More time off. Most government workers in New York are entitled to 12 paid holidays–two more than the average allowed by private employers. Many government workers (for example, those employed by New York State and New York City) can qualify for four weeks of paid vacation (plus holidays) after as little as seven years; in the private sector, most workers need to put in 15 years before getting four weeks of vacation. For school district employees, of course, time off per year is measured in months rather than weeks.
Bigger retirement benefits. It has been well documented that pensions and health benefits for retired public-sector workers in New York are significantly more generous than those available to private-sector workers. On average, government workers can retire earlier and receive more from their former employers in retirement, including guaranteed pensions and health benefits, on top of federal Social Security and Medicare.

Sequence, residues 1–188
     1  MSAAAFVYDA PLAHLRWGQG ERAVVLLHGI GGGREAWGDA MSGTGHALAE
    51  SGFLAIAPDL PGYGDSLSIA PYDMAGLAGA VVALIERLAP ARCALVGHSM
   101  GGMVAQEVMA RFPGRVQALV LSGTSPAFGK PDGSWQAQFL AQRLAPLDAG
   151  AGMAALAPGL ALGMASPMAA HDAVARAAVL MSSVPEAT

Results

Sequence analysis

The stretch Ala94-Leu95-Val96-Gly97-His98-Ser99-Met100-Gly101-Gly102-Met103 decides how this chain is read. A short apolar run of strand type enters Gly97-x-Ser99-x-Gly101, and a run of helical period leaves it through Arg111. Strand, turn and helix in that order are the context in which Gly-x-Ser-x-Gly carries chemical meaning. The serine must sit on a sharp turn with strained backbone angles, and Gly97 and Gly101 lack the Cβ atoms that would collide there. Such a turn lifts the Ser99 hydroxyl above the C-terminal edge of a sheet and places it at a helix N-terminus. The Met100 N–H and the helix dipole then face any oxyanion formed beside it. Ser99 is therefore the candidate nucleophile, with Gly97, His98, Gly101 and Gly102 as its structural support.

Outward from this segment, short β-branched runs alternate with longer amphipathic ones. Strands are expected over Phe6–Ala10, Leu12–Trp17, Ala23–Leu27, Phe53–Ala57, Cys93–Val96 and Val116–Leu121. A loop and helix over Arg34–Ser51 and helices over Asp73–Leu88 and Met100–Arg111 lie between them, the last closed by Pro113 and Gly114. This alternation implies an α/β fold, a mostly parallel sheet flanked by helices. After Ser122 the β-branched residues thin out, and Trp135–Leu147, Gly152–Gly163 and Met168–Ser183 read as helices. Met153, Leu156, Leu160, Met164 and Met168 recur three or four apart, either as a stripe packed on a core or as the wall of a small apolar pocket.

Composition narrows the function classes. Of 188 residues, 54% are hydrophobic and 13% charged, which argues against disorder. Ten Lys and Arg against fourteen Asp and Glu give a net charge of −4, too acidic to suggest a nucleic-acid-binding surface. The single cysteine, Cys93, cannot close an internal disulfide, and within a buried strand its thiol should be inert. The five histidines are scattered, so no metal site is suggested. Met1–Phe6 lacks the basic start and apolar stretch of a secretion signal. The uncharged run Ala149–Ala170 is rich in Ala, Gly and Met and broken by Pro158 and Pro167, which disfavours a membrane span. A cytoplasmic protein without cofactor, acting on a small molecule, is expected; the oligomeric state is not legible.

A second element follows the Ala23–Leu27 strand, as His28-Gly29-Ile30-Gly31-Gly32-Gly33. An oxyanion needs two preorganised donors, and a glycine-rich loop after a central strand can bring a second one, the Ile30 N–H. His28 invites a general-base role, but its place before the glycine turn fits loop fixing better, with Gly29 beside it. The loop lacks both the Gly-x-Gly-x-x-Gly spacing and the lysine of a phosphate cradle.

Greater job security. Union contracts and civil service guidelines provide most government workers with the equivalent of tenure. Layoffs are rare, even in severe economic downturns. More often than not, elected officials respond to budget shortfalls by raising taxes, freezing hiring, and offering experienced employees even more generous pensions as an incentive to retire early.
Although union membership is in a long-term decline across the country, New York remains the nation’s most heavily unionized state by a large margin. More than 2 million New York State workers are union members, and fully half of them work in the public sector. One of every eight workers in the Empire State is a unionized government employee; in the rest of the country, the ratio is roughly one of every 19 workers. (See Figure 3.)
Between 1995 and 2005, union membership in New York’s manufacturing sector dropped by 55 percent (roughly twice the overall rate of decline in the state’s manufacturing employment base), yet total private-sector union membership in New York increased roughly 4 percent during the same period.
E. J. McMahon is director and Kathryn McCall is research associate at the Empire Center for New York State Policy. (Both may be reached at [email protected].) Originally published in Research Bulletin No. 1.1, September 1, 2006. Used by permission.